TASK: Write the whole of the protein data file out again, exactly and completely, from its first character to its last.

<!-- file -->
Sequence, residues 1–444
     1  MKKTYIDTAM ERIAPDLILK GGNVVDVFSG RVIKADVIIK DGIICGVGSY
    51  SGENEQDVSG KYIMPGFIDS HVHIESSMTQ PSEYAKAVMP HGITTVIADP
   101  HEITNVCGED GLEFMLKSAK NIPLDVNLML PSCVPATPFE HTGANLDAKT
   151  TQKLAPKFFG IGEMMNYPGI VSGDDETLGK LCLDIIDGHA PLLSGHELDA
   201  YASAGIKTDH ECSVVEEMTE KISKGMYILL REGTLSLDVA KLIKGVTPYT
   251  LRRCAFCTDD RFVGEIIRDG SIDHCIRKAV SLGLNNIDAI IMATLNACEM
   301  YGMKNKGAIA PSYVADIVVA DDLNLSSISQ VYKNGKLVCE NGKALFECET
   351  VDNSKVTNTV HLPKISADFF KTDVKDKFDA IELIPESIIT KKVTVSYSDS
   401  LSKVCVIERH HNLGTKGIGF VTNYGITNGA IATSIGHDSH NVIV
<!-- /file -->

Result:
Sequence, residues 1–444
     1  MKKTYIDTAM ERIAPDLILK GGNVVDVFSG RVIKADVIIK DGIICGVGSY
    51  SGENEQDVSG KYIMPGFIDS HVHIESSMTQ PSEYAKAVMP HGITTVIADP
   101  HEITNVCGED GLEFMLKSAK NIPLDVNLML PSCVPATPFE HTGANLDAKT
   151  TQKLAPKFFG IGEMMNYPGI VSGDDETLGK LCLDIIDGHA PLLSGHELDA
   201  YASAGIKTDH ECSVVEEMTE KISKGMYILL REGTLSLDVA KLIKGVTPYT
   251  LRRCAFCTDD RFVGEIIRDG SIDHCIRKAV SLGLNNIDAI IMATLNACEM
   301  YGMKNKGAIA PSYVADIVVA DDLNLSSISQ VYKNGKLVCE NGKALFECET
   351  VDNSKVTNTV HLPKISADFF KTDVKDKFDA IELIPESIIT KKVTVSYSDS
   401  LSKVCVIERH HNLGTKGIGF VTNYGITNGA IATSIGHDSH NVIV